I cannot agree with the idea that we do not have the moral right to take count of our bewildered, do what we can, and in doing this express our solidarity and our commonality. People in bomb shelters right now, clearly, feel this is a demonstration of our privilege to gather without fearing for our lives, to give free range to our feelings, to be depressed, to put it simply. This is understandable. And, most likely, when we find ourselves in the same position it’s logical that it will be the same for us, we can’t exclude the possibility that we will think in the same way. [But] to think that any reaction other than staying mute or physical struggle or an outrageous gesture beyond the limits of formalizable art—this does not measure up to reality. It’s possible that from this perspective our “antiwar something” (and yes, I am one of the organizers, because I feel there is something necessary in this “something”) can seem like nothing but self-soothing lullabies—I am not going to convince anyone of anything, it is not the place for that, and our task is not to wave from behind the front lines and make it clear that we are the good guys. It is self-soothing in the sense that, yes, we are here, are not sleeping, and can no longer watch soap operas. Really, it is a collective prayer.
For antiwar events, the answer is probably yes; for the rest, probably no. What should be considered antiwar is a complex question, closely tied to the content of the event. If it is not directly connected, there can be a direct conversation and information about what this event will be and that it took place. And that the goal of it was to announce an antiwar position.
I believe that everything is necessary. We must support each other and scratch against each other, like matches on a matchbox.
Of course they are appropriate! I think we cannot allow ourselves to be paralyzed by fear.
Poet, translator, Literaturträger
Masha, the key word in the whole of your triple question is “when.” Today or tomorrow it will still be inappropriate. And no one knows at all what the situation will be like in one week, whether we will have a ceasefire or nuclear winter. But the situation we have right now cannot continue for long. It is worth just taking a break for a few days.
We need every kind and in every format. It holds us together, gives us strength, definition and support. In the concentration camps there were concerts and people organized improvised hair salons. In prison people performed plays. In burning houses people made love.
Philosopher, cultural historian
The format should be changed, but they should continue.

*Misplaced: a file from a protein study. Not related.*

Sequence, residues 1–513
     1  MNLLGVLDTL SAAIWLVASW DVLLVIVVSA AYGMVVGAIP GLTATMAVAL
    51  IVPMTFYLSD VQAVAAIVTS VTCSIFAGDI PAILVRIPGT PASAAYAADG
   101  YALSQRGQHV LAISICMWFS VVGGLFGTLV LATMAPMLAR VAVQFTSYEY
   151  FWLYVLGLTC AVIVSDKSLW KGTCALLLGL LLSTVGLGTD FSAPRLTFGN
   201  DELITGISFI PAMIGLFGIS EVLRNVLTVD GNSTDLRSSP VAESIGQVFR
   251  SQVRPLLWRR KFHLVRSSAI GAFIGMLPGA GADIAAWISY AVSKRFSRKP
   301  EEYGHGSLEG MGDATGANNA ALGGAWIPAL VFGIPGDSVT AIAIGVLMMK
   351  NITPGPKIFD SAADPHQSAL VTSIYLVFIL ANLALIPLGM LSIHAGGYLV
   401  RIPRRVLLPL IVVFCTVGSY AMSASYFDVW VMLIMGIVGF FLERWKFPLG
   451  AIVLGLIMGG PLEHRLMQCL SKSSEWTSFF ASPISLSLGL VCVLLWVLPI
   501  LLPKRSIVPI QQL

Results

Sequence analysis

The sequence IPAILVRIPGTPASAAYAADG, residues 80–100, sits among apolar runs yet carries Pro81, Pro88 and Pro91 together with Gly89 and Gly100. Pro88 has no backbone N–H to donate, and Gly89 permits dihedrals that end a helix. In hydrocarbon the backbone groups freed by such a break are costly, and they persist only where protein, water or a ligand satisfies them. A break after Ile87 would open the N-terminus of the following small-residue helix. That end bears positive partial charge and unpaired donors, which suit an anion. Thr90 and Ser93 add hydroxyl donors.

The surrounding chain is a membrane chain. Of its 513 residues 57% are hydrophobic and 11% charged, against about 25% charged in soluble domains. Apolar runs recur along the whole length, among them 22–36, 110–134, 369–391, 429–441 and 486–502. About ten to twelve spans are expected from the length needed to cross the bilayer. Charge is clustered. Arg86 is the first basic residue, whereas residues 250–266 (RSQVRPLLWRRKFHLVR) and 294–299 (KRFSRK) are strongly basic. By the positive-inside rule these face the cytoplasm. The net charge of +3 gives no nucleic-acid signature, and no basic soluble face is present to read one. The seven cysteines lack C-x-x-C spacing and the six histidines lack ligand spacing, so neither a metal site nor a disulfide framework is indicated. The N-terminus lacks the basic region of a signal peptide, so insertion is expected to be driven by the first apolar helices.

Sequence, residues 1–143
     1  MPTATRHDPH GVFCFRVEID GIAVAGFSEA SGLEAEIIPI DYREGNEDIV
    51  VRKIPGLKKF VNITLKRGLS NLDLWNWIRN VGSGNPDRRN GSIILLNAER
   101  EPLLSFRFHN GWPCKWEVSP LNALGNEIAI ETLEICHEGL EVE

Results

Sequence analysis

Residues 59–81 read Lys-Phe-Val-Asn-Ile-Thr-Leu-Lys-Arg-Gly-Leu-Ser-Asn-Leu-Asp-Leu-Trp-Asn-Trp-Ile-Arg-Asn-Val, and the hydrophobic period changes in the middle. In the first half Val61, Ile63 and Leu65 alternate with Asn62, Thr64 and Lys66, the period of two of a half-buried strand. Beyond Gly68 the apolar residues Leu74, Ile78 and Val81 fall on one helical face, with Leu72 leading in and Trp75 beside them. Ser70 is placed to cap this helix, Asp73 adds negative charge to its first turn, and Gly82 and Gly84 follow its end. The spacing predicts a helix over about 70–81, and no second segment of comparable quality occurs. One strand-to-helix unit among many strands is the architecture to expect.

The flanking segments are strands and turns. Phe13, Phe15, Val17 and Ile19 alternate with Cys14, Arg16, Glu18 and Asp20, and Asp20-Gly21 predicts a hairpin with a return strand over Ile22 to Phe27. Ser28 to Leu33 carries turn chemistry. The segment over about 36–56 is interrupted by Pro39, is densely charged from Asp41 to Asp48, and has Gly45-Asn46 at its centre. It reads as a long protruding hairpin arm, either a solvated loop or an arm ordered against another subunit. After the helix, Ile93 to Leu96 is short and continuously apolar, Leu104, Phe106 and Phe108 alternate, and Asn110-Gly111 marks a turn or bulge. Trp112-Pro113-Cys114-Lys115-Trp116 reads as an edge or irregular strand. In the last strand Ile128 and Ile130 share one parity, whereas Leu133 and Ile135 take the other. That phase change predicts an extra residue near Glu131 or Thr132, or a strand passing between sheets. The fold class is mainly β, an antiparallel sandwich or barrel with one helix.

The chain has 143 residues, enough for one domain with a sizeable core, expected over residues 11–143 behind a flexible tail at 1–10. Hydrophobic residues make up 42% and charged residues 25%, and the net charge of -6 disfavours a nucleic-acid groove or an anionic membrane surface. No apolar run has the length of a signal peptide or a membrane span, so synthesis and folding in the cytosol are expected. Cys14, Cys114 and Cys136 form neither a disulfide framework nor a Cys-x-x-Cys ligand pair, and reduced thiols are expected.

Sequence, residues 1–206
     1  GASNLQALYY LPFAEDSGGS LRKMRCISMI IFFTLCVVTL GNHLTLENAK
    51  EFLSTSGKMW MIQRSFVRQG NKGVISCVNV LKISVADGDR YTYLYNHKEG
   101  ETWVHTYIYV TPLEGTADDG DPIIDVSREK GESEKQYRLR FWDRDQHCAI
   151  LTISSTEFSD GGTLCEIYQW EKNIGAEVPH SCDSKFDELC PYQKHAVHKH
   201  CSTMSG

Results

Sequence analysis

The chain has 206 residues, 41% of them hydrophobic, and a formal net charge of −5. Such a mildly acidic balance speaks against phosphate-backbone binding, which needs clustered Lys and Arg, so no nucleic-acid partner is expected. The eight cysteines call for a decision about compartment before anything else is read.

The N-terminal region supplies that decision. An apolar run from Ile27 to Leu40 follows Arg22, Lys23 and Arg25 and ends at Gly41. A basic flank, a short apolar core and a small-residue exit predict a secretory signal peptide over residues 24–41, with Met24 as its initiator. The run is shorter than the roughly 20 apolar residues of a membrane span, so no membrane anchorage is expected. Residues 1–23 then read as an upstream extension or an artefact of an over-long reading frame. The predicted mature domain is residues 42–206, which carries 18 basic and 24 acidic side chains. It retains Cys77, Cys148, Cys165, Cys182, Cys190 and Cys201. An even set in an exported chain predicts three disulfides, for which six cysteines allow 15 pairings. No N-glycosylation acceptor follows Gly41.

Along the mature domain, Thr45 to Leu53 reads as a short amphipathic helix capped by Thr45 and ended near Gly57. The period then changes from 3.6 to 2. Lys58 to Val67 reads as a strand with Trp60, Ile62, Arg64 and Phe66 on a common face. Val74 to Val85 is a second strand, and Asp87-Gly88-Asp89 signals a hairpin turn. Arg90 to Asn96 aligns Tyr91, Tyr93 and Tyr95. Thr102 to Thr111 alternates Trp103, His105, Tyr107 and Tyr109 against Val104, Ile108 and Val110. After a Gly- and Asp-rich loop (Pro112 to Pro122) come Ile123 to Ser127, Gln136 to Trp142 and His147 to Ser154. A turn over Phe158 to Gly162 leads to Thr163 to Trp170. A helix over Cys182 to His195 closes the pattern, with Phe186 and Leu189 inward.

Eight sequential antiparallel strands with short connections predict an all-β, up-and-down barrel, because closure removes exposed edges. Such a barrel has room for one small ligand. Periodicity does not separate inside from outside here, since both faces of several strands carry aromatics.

I think that everything against the war has a place, and everything that isn’t, doesn’t. Or is at least untimely.
I very much doubt that they are needed. Being antiwar takes the event outside of the bounds of art as such. And if yesterday I expected that tomorrow, March 1st, I would be compiling a LitGuide announcement2 (without generating any events of my own), today this seems like an ethically inappropriate activity. All the more so since I almost rushed into March in the middle of February (conferences and two or three evening events). These days I am closely following for cancellations, and the bottom line is that not everything has been canceled.
My opinion, one I have had for a long time that probably doesn’t matter or interest anyone here: if absolutely everything shuts down for at least a couple days—theaters, concerts, exhibits, really everything except direct antiwar protests—then it will be something people notice and feel. But any production of “normal life” through art, when people’s legs are being blown off live on TV, in my opinion, this is doing work for the authorities and maintaining a sense of normalcy for people stuck in their everyday lives.
They are absolutely necessary, and in all stripes. Like the orchestra on the “Titanic” (forgive me for the pretty image).
This is what I’ve decided for myself. I can’t just doom-scroll endlessly or I will go insane. The only thing that really saves me right now (besides my family) is work. Yes, of course, it is “cultural,” don’t get me wrong. A large part of what I do is educational, escapist, entertainment, and for the time being this will be work “for the drawer.”
Right now, and especially now, while people are hiding from bombs, and the world as we knew it is coming to an end, everything seems out of place, wrong and false. Of course, this is a subjective and, as Alexander Mesropian rightly noted above, “it is impossible to force the muses to be silent,” but personally I don’t understand at all how one could find the strength to write poetry and the right to write poetry about the war. We will all have to write about it. But to utter the horror means, first of all, to comprehend it, and that, I think, requires making the effort not to seize up in a panic to hold onto our habitual system of images and meanings, which no longer exists.